In the U.S. approximately 1 in 5 adults live with a mental illness and 1 in 25 live with a serious mental illness such as schizophrenia, bipolar disorder, or major depression1. Every 11 minutes, someone dies of suicide, which amounts to roughly 46,000 suicides each year2. 70% of adults in the US have experienced some traumatic event at least once in their lives, that’s 223.4 million people3. Mental health disorders are becoming more common in the U.S. and around the globe and many are suffering in silence. As mental health is frequently stigmatized it is important to observe Mental Health Awareness month to raise awareness and break the stigma.

In the framework of mental health awareness month, the Behavioral Health Community Health Workers (CHWs) at the Institute for Community Partnerships wanted to promote awareness and contribute to breaking the stigma about mental health disorders in the communities we serve, and society in general. For this purpose, the team organized a series of activities for mental health promotion this past May, 2022. The planned activities included speeches, interviews, murals, informational videos, and visual and written material.

The Behavioral Health CHWs gave a presentation about mental health prevention in the workplace to the ICP, Community Benefit, and CAPS teams. Mental wellbeing is a vital aspect of health, so the team felt it was important to discuss together. The CHW team also conducted short interviews with staff and LLU School of Public Health students to discuss what mental health means to them and how they care for their mental health. All the interviewees agreed that mental health is equally important as physical health and identified spirituality as a vital component of personal and collective mental health.

The Behavioral Health CHWs work the support and guidance of our funding partners at the Behavioral Medicine Center, including Brian’s Distelberg, Christine Brassfield, and Silvano Cardenas. They work with clients to set goals, provide support, and assist with navigating resources and the health care system, among others. The team developed a short reenactment video to illustrate how they work with clients and are able to build rapport to further support the needs of the community. The CHWs expressed their creativity through designing personalized t-shirts with the slogan, "There is no health without mental health”. They also created magnets with mental health awareness messages and a mural with various messages to promote awareness about mental health. To encourage wellness, the team sent daily affirmations through email and wrote personalized cards to pass throughout the office. The CHWs wanted to share this with the ICP team to promote awareness of the gravity of these illnesses, and to show the importance of being cultured in awareness and help give employees the confidence to seek help.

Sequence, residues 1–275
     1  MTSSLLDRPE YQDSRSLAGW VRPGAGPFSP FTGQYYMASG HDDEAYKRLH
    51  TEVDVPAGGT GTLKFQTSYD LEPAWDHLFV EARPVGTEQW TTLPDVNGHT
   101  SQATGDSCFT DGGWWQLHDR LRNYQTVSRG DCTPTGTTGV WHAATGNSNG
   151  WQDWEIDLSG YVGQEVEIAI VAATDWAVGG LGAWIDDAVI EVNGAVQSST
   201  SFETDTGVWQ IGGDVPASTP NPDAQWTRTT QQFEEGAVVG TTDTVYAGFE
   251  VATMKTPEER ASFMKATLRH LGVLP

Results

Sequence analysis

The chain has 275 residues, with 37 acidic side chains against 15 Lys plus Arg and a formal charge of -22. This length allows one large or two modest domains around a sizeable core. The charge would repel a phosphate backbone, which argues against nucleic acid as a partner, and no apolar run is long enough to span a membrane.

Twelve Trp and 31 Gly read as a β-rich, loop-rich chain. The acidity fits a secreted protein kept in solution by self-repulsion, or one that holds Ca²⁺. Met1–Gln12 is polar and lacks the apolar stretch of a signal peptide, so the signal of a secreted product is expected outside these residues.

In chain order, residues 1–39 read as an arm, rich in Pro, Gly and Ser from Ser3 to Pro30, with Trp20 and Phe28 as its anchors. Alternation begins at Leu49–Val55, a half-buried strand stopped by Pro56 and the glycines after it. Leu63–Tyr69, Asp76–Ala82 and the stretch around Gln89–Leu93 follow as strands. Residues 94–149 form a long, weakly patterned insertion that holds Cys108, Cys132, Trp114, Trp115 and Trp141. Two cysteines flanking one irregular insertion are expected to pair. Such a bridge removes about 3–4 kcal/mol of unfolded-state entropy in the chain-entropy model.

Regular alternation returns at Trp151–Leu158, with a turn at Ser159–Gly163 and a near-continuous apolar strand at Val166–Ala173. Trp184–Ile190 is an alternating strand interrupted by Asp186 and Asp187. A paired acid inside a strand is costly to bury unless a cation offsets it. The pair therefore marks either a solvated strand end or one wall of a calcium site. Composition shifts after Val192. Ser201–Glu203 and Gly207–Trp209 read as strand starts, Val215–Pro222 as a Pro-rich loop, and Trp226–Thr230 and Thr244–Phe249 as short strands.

Mental health is integral to our personal health and well-being so it is important that we understand how to take care of ourselves and recognize signs that someone else may be struggling. The CHWs at the Institute for Community Partnerships are committed to breaking the stigma around mental illness and improving people's overall wellbeing. If you or someone you may know may be struggling please reach out to any of the following resources:

Lucia and Rosie with signs in front of door

ICP team with hospital in background


  1. 1 U.S. Department of Health and Human Services. (2022, January). Mental illness. National Institute of Mental Health. Retrieved July 5, 2022, from
  2. 2 U.S. Department of Health and Human Services. (2022, March). Suicide. National Institute of Mental Health. Retrieved May 5, 2022, from,females%20(6.0%20per%20100%2C000).
  3. 3 Benjet, C., Bromet, E., Karam, E. G., Kessler, R. C., McLaughlin, K. A., Ruscio, A. M., Shahly, V., Stein, D. J., Petukhova, M., Hill, E., Alonso, J., Atwoli, L., Bunting, B., Bruffaerts, R., Caldas-de-Almeida, J. M., de Girolamo, G., Florescu, S., Gureje, O., Huang, Y., Lepine, J. P., … Koenen, K. C. (2016). The epidemiology of traumatic event exposure worldwide: results from the World Mental Health Survey Consortium. Psychological medicine46(2), 327–343.